For months we toggled with this idea that I could be perfect. I was addicted to the idea that I could reach a point in my life where I would never disappoint anyone, I would never hurt anyone, everyone would like me, and I would never be judged for my mistakes.
This idea came from a little girl who jumped into a perfectionistic sport. A teenager thrust directly into the middle of her parent’s horrific divorce. Watching her angel mother on her knees with rolling tears. Feeling her forever family shatter, leaving everyone empty and heartbroken, clinging to faith that was weakening. Leaving home to train for the Olympic Games to escape it all. Emotional abuse, rejection, disappointment, failure, and utter loneliness followed in a dark shadow. It was anything but an escape.
My spirit was old and tired, trying to fit inside the body of an emotionally depleted seventeen year old.
It took a long time to see that little girl inside me again.
One day my counselor had me look into the mirror he had in his office. He told me to look myself in the eyes. I stood there and looked at myself for a long time, until silent tears poured down my face and I couldn’t stand.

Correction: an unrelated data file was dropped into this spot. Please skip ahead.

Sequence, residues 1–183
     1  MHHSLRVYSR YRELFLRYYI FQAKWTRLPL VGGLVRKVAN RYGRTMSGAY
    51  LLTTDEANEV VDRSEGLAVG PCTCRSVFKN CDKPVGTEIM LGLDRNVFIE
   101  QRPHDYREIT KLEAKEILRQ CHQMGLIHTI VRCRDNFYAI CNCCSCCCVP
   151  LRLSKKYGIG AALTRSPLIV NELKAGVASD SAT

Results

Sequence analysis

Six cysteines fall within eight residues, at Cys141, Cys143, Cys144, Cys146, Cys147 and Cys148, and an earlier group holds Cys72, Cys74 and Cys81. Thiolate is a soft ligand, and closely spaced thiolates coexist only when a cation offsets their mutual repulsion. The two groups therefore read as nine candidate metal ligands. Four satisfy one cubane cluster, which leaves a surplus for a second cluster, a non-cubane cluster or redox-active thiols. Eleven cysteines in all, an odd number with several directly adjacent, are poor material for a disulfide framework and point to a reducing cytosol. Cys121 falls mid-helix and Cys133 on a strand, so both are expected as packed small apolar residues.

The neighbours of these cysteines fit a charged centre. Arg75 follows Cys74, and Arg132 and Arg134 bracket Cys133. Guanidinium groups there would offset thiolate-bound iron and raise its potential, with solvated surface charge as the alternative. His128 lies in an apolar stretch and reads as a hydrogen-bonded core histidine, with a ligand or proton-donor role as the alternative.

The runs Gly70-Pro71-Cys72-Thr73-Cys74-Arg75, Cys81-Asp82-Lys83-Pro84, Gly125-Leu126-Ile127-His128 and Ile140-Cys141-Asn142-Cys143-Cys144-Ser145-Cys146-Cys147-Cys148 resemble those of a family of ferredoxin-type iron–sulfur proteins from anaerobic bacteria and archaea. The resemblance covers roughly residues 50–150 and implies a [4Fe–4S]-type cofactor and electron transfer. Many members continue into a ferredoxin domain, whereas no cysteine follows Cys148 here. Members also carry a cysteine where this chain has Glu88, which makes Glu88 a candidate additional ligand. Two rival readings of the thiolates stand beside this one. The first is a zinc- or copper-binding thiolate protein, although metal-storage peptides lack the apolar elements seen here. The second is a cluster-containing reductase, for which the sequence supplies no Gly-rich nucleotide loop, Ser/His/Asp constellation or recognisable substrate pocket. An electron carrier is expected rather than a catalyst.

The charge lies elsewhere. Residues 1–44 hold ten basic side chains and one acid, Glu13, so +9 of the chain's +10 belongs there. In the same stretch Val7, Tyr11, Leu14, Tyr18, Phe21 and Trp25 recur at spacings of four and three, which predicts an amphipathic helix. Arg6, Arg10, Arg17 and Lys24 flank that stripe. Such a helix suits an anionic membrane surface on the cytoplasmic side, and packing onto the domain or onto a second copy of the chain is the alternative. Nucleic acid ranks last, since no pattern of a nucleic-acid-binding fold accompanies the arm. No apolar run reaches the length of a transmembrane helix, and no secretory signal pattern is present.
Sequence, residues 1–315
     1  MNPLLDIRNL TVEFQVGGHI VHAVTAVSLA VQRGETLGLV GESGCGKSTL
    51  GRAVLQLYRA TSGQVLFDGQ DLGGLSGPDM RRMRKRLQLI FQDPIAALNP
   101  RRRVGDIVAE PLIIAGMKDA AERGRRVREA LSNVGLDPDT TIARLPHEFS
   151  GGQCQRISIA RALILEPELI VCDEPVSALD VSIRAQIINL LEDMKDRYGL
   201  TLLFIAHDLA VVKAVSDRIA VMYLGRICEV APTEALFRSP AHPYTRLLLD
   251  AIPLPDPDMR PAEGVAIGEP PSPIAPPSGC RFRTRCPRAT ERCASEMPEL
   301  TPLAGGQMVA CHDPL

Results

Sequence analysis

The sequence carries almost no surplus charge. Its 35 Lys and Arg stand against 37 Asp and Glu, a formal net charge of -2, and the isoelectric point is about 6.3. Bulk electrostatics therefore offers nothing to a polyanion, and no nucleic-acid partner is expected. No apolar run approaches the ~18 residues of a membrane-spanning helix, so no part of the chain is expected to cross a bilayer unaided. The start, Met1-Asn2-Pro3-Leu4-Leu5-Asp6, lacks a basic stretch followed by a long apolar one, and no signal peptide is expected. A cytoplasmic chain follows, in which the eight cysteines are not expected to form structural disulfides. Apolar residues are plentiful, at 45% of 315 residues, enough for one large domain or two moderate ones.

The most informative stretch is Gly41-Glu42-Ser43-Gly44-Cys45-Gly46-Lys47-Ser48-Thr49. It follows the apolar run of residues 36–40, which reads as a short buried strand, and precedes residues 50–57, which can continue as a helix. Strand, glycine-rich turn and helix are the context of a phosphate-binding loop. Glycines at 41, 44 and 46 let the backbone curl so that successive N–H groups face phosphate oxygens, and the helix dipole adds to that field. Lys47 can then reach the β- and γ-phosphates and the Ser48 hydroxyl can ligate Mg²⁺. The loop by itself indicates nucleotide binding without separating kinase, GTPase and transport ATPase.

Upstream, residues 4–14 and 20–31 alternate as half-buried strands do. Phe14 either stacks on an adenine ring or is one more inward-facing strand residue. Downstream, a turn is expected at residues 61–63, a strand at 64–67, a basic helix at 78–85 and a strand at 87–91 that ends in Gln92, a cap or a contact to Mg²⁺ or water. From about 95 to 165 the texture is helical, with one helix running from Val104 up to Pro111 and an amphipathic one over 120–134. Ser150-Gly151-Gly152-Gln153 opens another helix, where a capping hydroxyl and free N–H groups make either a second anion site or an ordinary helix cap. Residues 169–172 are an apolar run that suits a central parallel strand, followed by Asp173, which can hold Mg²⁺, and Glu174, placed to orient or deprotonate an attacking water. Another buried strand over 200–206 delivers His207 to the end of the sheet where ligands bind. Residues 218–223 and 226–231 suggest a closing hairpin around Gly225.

In my eyes, I saw all that I was running away from. I was drowning in those deep pools of brown. But I finally understood.
Behind all the medals, all the National Anthems, all the victory and all the success was a girl that had shame, emptiness, and deep insecurity hiding beneath the heart that drove her to be a champion. Behind the mask of perfect capability was just a girl who feared imperfection more than anything else in the world. It was hard, admitting that I wasn’t okay. It was even harder to be okay with not being okay.